I turn and fly towards her. My face is burning from the heat. I pull the gun from my belt. She turns and runs out of the bakery into the parking lot. 
     “Don’t fuck with me,” I say to her. She just runs and runs. Pull the trigger pull the trigger pull the trigger
     The recoil makes me stagger like daddy does and I spin around, trying to stay on my feet. The Owner just stands in the doorway like a dumb old ox. I look up at the stupid water tower. Maybe I should have climbed up there. Jumped off. I shield my eyes from the sun and point the gun at the tower. 
     Pull the trigger pull the trigger pull the trigger. The recoil sends me flying through the air. I fall back onto the boiling hot asphalt. I shake my head like a dog and get on my hands and knees. Something sounds like thunder rumbling over my head. Metal scrapes against metal. I look up, real slo-mo, just like TV. The tower comes at me, slo-mo, too. Slop, slop, slop, water pours out the top and zishes on the asphalt. I choke, swallowing lots of that metally water. 
     Bawling and choking is all I can hear under water. My head bobs up and I hear sirens. Bawling and choking. Gagging now, too. Sirens. Feet splashing in the water. Someone pulls the gun out of my hand. I think he broke my finger. I try to paddle away. The crawling prisoner swims.

The Soldier’s Return #historicalfiction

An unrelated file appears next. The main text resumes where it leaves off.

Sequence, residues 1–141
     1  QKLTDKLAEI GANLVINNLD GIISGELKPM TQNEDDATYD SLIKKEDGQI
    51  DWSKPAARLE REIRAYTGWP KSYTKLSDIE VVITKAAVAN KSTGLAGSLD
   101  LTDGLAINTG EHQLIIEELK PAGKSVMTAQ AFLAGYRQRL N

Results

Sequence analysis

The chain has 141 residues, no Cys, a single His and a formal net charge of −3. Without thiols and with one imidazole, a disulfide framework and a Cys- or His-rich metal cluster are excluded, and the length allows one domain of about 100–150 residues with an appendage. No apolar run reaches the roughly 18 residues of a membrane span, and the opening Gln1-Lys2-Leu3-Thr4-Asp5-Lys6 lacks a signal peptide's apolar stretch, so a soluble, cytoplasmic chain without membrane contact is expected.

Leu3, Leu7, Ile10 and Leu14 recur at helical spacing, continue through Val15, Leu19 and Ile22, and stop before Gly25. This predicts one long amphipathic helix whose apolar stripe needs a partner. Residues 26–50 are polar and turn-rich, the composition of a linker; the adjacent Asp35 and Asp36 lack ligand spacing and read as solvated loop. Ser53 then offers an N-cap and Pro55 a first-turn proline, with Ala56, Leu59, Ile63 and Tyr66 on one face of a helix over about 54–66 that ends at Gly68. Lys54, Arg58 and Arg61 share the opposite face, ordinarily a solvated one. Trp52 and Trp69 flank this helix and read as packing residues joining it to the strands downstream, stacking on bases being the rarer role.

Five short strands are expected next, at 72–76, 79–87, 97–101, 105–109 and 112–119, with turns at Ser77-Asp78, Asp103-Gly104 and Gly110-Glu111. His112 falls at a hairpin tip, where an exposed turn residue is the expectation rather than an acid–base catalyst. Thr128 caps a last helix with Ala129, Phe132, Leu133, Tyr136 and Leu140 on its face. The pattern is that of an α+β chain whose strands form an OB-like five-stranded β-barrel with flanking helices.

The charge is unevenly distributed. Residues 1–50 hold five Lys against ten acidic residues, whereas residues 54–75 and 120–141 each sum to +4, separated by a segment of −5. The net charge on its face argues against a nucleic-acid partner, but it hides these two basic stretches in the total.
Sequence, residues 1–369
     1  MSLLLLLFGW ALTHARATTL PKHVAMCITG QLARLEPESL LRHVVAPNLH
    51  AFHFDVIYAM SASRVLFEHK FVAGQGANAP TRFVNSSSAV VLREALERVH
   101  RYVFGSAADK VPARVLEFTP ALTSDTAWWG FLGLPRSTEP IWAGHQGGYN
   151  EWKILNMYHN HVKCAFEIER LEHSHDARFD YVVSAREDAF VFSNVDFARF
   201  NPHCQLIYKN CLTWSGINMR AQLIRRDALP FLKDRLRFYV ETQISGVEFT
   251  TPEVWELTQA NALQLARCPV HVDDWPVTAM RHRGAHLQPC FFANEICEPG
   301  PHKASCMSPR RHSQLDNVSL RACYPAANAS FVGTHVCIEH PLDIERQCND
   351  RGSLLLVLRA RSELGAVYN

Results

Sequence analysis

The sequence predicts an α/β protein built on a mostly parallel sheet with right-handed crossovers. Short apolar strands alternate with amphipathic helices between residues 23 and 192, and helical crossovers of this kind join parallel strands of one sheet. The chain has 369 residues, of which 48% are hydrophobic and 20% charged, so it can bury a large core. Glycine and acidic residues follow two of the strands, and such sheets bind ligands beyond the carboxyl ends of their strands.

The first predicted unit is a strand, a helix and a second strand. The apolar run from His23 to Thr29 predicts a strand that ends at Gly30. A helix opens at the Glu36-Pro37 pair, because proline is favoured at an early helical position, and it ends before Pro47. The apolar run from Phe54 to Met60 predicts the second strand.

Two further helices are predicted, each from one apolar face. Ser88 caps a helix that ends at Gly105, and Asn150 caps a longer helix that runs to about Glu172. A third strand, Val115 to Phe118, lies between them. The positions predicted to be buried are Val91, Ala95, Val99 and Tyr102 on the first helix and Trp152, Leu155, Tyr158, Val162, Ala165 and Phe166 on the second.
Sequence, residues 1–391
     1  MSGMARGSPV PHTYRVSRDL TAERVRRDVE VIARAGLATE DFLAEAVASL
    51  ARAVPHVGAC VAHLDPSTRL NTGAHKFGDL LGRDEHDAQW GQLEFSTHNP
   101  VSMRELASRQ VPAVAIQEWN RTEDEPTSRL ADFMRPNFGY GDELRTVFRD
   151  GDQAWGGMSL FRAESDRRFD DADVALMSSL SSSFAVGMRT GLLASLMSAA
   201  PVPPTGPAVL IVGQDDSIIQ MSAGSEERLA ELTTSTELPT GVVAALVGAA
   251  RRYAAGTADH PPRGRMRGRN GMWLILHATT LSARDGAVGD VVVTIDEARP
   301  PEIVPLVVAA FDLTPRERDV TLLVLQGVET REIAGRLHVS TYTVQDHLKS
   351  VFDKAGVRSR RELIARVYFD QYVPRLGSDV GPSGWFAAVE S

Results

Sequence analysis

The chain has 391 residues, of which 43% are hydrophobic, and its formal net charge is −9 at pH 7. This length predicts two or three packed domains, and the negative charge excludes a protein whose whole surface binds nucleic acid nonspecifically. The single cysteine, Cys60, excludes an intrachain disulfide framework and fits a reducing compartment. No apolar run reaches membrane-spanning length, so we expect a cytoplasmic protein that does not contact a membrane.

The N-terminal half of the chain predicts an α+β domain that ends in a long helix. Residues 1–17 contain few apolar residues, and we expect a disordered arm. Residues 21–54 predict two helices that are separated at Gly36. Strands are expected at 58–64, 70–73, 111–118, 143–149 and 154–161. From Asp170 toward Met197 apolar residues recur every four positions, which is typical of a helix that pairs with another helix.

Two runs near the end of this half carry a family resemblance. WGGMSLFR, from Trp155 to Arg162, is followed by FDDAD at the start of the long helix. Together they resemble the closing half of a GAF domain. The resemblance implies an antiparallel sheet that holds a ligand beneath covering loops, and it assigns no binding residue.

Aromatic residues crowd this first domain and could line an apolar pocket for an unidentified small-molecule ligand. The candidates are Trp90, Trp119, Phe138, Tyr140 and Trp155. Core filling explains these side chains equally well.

The Soldier’s Return

Book 2 in the Heaven’s Pond Trilogy

Germany, 1626

A senseless war rips through parts of Germany. Ongoing animosity between the Catholics and the Protestants has turned into an excuse to destroy much of the landscape in the territories situated between France, Italy and Denmark. But reliSoldiersReturn 700kgion only plays a minor role in this very lucrative business of war. What better way to wage war than with underpaid, starving, sick, desperate mercenary soldiers?

Direct in the path of these marauding mercenaries lies the once-idyllic farm called Sichardtshof. The master and the maid have lived here the last ten years in a semblance of peace but teetering on the edge of destruction. The attacks are more frequent and the soldiers are more brutal than before. With the soldiers come disease, the plague. And Franconia has found scapegoats to blame for all this misfortune. Witch hunts and executions are more prevalent than ever.